The Missouri Tigers tied a school record with their second 12-win season in school history with a 41-31 Cotton Bowl win against Oklahoma State on Friday night. Here are four observations from the game:
Back in 2007, it was Gary Pinkel’s program that stood as Cotton Bowl champions at the end of the season, 12 wins in the books and a No. 4 ranking in the final AP Poll. Led by an explosive offense featuring Chase Daniel and Jeremy Maclin (who on hand in Dallas), Missouri, then a Big 12 co-member with its Friday night opposition, had finally broken away from its streak of mediocrity in its first six seasons under Pinkel.
Good times kept rolling, but that was as good as got in Columbia. Until this season.
Following a disappointing 5-7 inaugural campaign in the Southeastern Conference, the Tigers looked like the lesser of the two newcomers — no Johnny Manziel to hang their hat on (unlike fellow conference newcomer Texas A&M), a select few cracks in the East division’s upper echelon of Georgia, Florida and South Carolina. But behind a relentless defense and a formidable offense highlighted by an effective rushing attack and skyscrapers for receivers, Missouri kept winning. Game after game. Against Oklahoma State, though not its most impressive showing of the season, particularly on offense, those same pillars held steady: the defense held the nation’s 12th-ranked scoring offense to eight punts, three turnovers and a missed field goal while the offense averaged 5.6 yards rushing on 47 attempts.
In the end, the Tigers ran away from coach Mike Gundy’s explosive team, one that put up 17 fourth-quarter points and even took a late lead before All-American Michael Sam strip-sacked Cowboys quarterback Clint Chelf to spark a scoop and score for the game’s final points. On the national scale, only one other team (Auburn) upstaged Mizzou’s turnaround effort in 2013.
The cries for Maty Mauk were loud and justifiable. Through three quarters, the redshirt freshman quarterback had led Missouri on its most explosive scoring drive — a six-play, 80-yard composition highlighted by two 30-plus yard scampers and a gem of a touchdown pass to receiver Marcus Lucas — while Franklin, a senior starter, was stuck in the middle of one of the worst games of his career. On multiple occasions, his inaccuracy and indecision served to nullify the Tigers’ effectiveness in the running game and keep Oklahoma State alive and kicking.
But Pinkel kept calling on No. 1. And as Oklahoma State continued to bring pressure and shut down passing lanes, he continued to search for an opportunity. Finally, with his team trailing for the first time in the game, patience was rewarded: Franklin stood up to a fierce pass rush and found star receiver Dorial Green-Beckham behind the Cowboys’ coverage for a 27-yard play to set up the go-ahead score by running back Henry Josey.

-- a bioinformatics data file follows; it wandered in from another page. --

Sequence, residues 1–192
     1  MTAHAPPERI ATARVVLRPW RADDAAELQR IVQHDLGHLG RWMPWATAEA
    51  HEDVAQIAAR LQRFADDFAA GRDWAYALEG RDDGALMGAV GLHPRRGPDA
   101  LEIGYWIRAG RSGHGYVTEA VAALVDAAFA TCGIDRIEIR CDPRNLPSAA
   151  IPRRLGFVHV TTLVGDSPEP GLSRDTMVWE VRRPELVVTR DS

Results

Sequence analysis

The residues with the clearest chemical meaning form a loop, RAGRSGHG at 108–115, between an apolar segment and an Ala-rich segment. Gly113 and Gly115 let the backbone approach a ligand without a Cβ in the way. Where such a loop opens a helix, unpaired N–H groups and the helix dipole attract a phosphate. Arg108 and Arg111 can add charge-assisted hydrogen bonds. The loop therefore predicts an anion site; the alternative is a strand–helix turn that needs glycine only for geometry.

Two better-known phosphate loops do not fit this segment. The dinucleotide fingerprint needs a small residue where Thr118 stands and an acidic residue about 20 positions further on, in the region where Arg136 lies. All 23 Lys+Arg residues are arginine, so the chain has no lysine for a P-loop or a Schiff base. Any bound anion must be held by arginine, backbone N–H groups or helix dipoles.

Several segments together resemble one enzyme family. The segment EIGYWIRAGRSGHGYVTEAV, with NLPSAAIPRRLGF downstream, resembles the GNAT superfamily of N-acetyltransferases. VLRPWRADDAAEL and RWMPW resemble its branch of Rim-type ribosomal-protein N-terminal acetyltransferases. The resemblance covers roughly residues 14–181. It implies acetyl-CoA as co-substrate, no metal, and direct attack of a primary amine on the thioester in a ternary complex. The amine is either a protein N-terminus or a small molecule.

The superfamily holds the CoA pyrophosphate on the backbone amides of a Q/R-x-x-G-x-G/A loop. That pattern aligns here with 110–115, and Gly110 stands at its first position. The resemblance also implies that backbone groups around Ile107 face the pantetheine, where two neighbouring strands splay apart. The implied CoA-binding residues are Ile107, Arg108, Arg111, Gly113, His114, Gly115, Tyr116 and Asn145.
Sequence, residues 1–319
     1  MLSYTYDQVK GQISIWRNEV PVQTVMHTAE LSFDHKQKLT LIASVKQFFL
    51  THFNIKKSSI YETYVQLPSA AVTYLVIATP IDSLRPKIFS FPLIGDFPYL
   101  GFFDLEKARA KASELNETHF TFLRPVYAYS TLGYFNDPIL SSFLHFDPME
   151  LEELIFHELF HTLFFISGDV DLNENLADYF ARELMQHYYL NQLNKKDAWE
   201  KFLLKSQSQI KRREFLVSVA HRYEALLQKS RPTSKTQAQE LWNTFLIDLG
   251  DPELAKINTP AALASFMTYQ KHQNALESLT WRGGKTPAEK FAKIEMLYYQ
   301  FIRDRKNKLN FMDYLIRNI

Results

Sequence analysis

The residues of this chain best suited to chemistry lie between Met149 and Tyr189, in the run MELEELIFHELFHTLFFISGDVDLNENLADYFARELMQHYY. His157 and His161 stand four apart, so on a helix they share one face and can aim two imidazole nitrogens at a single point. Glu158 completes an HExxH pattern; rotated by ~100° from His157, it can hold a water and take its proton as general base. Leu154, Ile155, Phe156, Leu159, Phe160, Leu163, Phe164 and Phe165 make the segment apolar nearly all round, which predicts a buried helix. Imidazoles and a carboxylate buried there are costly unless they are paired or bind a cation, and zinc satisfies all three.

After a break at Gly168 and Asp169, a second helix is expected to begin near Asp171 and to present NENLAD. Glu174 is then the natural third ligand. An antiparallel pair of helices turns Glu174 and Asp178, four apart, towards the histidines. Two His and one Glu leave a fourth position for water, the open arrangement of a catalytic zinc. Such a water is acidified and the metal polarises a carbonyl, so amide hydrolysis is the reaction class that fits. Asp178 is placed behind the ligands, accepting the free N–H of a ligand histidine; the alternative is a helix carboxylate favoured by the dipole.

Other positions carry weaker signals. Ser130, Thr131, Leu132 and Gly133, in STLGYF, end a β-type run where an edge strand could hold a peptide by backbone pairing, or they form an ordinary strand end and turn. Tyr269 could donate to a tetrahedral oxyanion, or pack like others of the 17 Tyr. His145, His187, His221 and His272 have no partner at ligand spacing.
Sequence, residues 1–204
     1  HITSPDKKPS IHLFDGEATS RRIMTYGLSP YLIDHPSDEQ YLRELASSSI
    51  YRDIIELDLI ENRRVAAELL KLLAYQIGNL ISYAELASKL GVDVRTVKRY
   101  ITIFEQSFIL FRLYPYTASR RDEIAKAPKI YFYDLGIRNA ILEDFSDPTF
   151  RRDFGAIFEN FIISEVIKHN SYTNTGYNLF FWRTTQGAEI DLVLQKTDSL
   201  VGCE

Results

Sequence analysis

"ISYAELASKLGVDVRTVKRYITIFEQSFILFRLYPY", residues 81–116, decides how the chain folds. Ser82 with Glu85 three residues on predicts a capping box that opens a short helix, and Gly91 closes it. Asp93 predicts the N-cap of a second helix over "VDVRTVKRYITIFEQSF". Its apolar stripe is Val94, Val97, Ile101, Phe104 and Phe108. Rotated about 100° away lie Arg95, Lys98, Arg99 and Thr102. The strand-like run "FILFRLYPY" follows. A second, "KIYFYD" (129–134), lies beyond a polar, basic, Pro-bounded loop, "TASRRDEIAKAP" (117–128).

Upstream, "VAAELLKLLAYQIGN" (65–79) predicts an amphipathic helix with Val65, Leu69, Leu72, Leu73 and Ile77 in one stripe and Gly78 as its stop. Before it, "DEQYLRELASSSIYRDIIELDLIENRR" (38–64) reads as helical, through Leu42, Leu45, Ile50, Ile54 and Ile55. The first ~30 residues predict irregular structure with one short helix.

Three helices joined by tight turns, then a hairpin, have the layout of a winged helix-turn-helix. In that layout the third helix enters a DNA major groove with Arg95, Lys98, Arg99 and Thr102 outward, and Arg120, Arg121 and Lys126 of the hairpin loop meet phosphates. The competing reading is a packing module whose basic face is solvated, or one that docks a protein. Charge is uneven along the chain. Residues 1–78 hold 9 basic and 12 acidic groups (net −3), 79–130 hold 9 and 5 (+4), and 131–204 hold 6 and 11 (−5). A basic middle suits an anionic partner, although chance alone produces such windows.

When the clock struck zero, his final line was ugly, one of the ugliest of his illustrious career: 15-of-40, 174 yards and an interception. But the Tigers stuck with him until the end. It paid off.
Fortunately for Franklin, his rushing attack was spectacular. Josey capped a highlight-filled junior season with 92 yards and three scores as the team racked up 256 yards on 47 carries in the game. It was enough to question why the Tigers decided to throw the ball 40 times, given Franklin’s troubles. All the same, one of the most decorated QBs in Mizzou history went out with a win he had to scrap for.
As if Franklin’s final line wasn’t bad enough, it could have been much, much worse. With the game knotted up at 24-24 in the fourth quarter, Franklin took a shot down the middle of the field toward Green-Beckham that ended up in the hands of defensive back Tyler Patmon, who subsequently took it back to the house and sent an orange-clad crowd into a frenzy.
Only problem: the play was called back on account of a penalty.
Patmon was called for pass interference on Green-Beckham, a call that the Oklahoma State coaching staff certainly found worth debating — on replay, it appeared there was some contact before the pass reached its destination, but not to the extent that a flag had to be thrown — as it would have completely changed the entire complexion of the game. With Franklin struggling and Chelf & Co. beginning to find a rhythm, the pick-six could have served as a de facto game-winner. Instead, Missouri used the penalty to drive down for a field goal (taking the lead, 27-24).
Oklahoma State would take the lead on the following possession on Demond Roland’s two-yard run, but that field goal prevented the Cowboys from taking a definitive lead and possibly putting the SEC challengers away.
Much has been made of the SEC’s dominant run of BCS national titles — seven straight, in case you haven’t heard, going on eight as Auburn takes on Florida State on Monday — but the conference’s run through Big 12 competition in the Cotton Bowl precedes it. Missouri’s win over Oklahoma State gives the SEC 10 wins in 11 Cotton Bowl contests dating back to 2004 (when Ole Miss beat Oklahoma State).
The only Big 12 win during that stretch? Missouri’s takedown of Arkansas during that 2007 season.
Overall, eight different SEC teams have claimed the Cotton Bowl title since 2004.